Unfounded lie. Often spread by PETA, reptile related salmonellosis is virtually unheard of- most who get it from a herp end up with such a mild case that they don't go to the hospital, putting it down as a stomach bug.

Quote:
The death rate in the trafficking of wild animals, especially reptiles, is horrendous, and the plundering of wild populations for pets has decimated some species
Unfounded lie. As of the last CITES conference, the death rate is well below 3%

Quote:
It is bad for the animals, individually and as species. Almost no one is capable of giving exotic pets, no matter how small, the conditions they would enjoy in the wild.
Was this written by Kraplin?!

Danerous stuff here... Luckily nobody with a brain considers the New York Times to be a credible news source, but this still deserves some editorial responses at the very least... I know I'll be throwing a few letters and emailed pieces their way, anyone else inclined to take a few moments and do the same, it can't hurt.
 
Old 07-15-2003, 05:17 PM   #3
sschind
Quote:
Unfounded lie. As of the last CITES conference, the death rate is well below 3%
is this 3% considered DOA because if so I could believe it. I wonder what the death rate is 2 or 3 or 4 days later. I'd bet it is a heck of a lot higher than 3%.


Still, the article is cause for concern because some people still believe what they read in the newspaper and see and hear on TV.

Steve Schindler
 
Old 07-15-2003, 07:27 PM   #4
Seamus Haley
According to an article written by Jon Coote for the SNHS...

Out of an analysis of 83,971 shipments of CITES listed species (That would be CITES I and II) the average mortality rate was 1.25%, out of those which arrived alive, 85.9 arrived in good condition, 12.1% in medium condition and 2% in poor condition. 90% of shipments did not experience any mortality upon arrival and the highest mortality rate of the species analyzed was the Senegal Chameleon with only 2.1%

It's in the April 2003 issue of The Rattler newsletter, the Southern Nevada Herp Society might be willing to forward the full article or a copy of the newsletter... or at least the text of the article if they're contacted in the right manner.

The mortality rates of animals both upon arrival and within a reasonable period of time afterwards are grossly exaggerated by those rabid antihuman groups to such an extent that their propaganda on the issue has injected itself into the popular conception of imports.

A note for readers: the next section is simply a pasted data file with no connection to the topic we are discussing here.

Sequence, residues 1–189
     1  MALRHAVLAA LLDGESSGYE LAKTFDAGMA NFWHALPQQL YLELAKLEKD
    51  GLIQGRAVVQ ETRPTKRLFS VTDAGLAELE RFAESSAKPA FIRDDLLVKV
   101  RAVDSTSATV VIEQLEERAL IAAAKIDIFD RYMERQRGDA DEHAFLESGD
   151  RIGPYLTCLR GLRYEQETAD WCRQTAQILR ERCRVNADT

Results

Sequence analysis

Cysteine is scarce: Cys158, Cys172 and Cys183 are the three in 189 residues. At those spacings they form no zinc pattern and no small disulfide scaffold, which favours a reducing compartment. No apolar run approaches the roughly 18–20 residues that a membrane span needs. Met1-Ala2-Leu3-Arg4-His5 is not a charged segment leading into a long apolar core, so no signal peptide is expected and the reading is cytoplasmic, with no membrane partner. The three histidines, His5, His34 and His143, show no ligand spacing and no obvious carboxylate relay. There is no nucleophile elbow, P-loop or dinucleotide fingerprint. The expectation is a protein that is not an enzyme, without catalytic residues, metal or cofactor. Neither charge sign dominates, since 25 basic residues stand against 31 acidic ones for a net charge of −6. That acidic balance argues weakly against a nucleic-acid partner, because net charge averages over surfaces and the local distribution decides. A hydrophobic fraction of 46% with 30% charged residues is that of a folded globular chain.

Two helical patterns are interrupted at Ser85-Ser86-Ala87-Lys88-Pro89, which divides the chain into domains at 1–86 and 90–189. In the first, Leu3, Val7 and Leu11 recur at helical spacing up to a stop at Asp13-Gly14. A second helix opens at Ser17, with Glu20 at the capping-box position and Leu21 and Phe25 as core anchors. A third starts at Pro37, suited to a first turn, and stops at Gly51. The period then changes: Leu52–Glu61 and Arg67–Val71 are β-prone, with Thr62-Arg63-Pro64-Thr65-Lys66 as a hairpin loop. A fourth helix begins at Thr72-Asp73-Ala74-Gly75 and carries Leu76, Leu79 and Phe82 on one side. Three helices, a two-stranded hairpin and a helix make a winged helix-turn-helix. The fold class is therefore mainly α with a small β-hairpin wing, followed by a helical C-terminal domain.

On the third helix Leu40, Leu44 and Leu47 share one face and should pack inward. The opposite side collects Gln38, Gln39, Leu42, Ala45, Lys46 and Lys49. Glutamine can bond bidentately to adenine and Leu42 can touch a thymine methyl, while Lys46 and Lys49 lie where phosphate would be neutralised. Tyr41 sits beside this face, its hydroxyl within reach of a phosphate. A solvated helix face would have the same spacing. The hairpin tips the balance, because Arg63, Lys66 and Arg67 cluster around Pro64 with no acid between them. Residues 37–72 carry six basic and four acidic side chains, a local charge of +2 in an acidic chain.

Heck, Kraplin has articles where she describes how the ball python trade is obliterating wild populations... When in fact the countries that have these animals have realized that there is a valueable and sustainable resource avaliable and have modified collection procedures.

That isn't to say that the horror stories don't happen, but they need to be looked at in terms of the total volume of animals involved.
 
Old 12-19-2003, 05:12 AM   #5
Ken Foose
The article in the SNHS newsletter was Jon Coote's synopsis of the world CITES convention that he had just attended in Chile. He did a presentation on this for our herp society and gave me the article to print in our newsletter. It is also published in "Reptilian" magazine, a European publication that Jon has a monthly column in. If he said it, it is officially recorded that way. He has another article "In Support of Substainable Use..." where he mentions the mortality rate of these animals being very low (at least the ones coming into Europe where he is). I will try and post it because it has some good points. He is President (or was last I spoke with him) Of the International Herpetological Society and one of the best advocates we reptile keepers (as hobbyist) have on our side.

Kim Anderson (I forgot my password again)
President of the Southern Nevada Herpetological Society
and Ken's "better"
Attached Images
 
 
Old 12-19-2003, 05:13 AM   #6
Ken Foose
half!

that was suppose to read "better" half and just kidding
 
Old 06-07-2004, 03:37 PM   #7
Ernest
None can tell you which and whom to love....I am taking the risks and not PETA...humane bs society or the federals....They better be reminded that freedom is something they can`t take away from us and they are vulnerable as hell....They do wars for oil and they want to dictate everything...Forget that i will be waiting with bazookas...